Amos Yee

Why Nonviolent Activism is More Effective than Violence

Nonviolence isn't Slower

There's a myth that nonviolence is slower than violence (even Gandhi believed this), but there isn't any evidence of that in history.

The nonviolent overthrow of Marcos in the Philippines, measured from the assassination of Benigno Aquino, took only three years. Mao Ze Dong and his Communist Forces were in Combat for 22 years. The Vietnam war lasted for 35 years.

Violence just feels quicker because we're dodging bullets. People are typically impatient, they try nonviolence for a week, then when it doesn't work they go back to violence, which hasn't worked for centuries.

Nonviolence usually succeeds twice as often as violence. Peaceful protests attract 11 times more participants than an average armed struggle. Nonviolence is also more effective in drawing participation from diverse segments of society. It pulls away support from existing dictatorial leaderships, allowing security forces, economic elites and civilian bureaucrats to shift their loyalties.

Naturally, some nonviolent movements fail, but there's no evidence that violence would perform any better.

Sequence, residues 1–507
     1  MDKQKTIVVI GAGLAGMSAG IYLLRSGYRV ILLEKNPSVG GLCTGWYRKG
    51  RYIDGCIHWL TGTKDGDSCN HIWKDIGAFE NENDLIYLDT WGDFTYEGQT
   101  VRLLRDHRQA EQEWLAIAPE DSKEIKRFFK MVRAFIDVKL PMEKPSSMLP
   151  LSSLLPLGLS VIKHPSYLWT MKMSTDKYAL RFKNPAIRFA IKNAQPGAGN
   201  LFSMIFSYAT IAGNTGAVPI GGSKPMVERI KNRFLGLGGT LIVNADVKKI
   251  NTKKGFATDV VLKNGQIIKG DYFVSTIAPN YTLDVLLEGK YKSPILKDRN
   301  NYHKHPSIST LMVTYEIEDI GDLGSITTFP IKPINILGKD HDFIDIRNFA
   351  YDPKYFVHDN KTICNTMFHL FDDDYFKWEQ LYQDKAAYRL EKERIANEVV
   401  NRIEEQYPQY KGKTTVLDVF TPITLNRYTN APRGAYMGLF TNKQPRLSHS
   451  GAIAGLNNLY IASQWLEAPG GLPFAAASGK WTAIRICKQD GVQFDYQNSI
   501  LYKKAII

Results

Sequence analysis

Hard Enemies?

There's an argument that nonviolence can only work for easy enemies like the British, and can't ever work for brutal ones like the Soviets or Nazis. Yet if you look even at those cases, nonviolence has seen to be successful in all of them.

In 1968, Czechoslovakian civilians nonviolently restricted Soviet armed forces from subjugating their country. And during World War II, Norway nonviolently and successfully resisted Nazi attempts to reorganize its society along fascist lines.

Negative Side Effects of Violence

Violence brings about much destruction to property and the environment. There is some destruction in nonviolence, like during Gandhi's movement, hundreds of Indians were killed by the British. However that pales in comparison to the tens/hundreds of thousands, or even millions killed in violent revolutions.

Violence almost always ends up in repressive dictatorships. Because once rebel troops gain control, they keep acting as they're used to, i.e. they start running the country like a military camp.

In a violent struggle, one goads the other to greater aggression, because each side uses violence to justify its own brutality.

Plus after fighting, people will leave as long-standing enemies. The most amazing thing about Gandhi's nonviolent revolution is not that the British left, but that they left as friends (where Britain and India became partners in the British Commonwealth)


The Effectiveness of Gandhi's Nonviolent Movement:

Scientific Research showing the Effectiveness of Nonviolence vs Violence: